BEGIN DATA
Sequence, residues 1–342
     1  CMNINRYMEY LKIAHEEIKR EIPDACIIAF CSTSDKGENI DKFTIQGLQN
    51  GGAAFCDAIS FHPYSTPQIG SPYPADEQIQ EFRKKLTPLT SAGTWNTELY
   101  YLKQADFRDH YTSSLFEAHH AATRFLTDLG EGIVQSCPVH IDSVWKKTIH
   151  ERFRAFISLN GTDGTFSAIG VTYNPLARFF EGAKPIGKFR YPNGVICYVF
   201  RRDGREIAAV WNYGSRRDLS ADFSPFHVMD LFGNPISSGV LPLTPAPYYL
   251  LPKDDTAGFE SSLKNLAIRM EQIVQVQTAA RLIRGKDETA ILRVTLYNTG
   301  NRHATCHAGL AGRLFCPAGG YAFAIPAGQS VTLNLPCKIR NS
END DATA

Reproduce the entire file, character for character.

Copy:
Sequence, residues 1–342
     1  CMNINRYMEY LKIAHEEIKR EIPDACIIAF CSTSDKGENI DKFTIQGLQN
    51  GGAAFCDAIS FHPYSTPQIG SPYPADEQIQ EFRKKLTPLT SAGTWNTELY
   101  YLKQADFRDH YTSSLFEAHH AATRFLTDLG EGIVQSCPVH IDSVWKKTIH
   151  ERFRAFISLN GTDGTFSAIG VTYNPLARFF EGAKPIGKFR YPNGVICYVF
   201  RRDGREIAAV WNYGSRRDLS ADFSPFHVMD LFGNPISSGV LPLTPAPYYL
   251  LPKDDTAGFE SSLKNLAIRM EQIVQVQTAA RLIRGKDETA ILRVTLYNTG
   301  NRHATCHAGL AGRLFCPAGG YAFAIPAGQS VTLNLPCKIR NS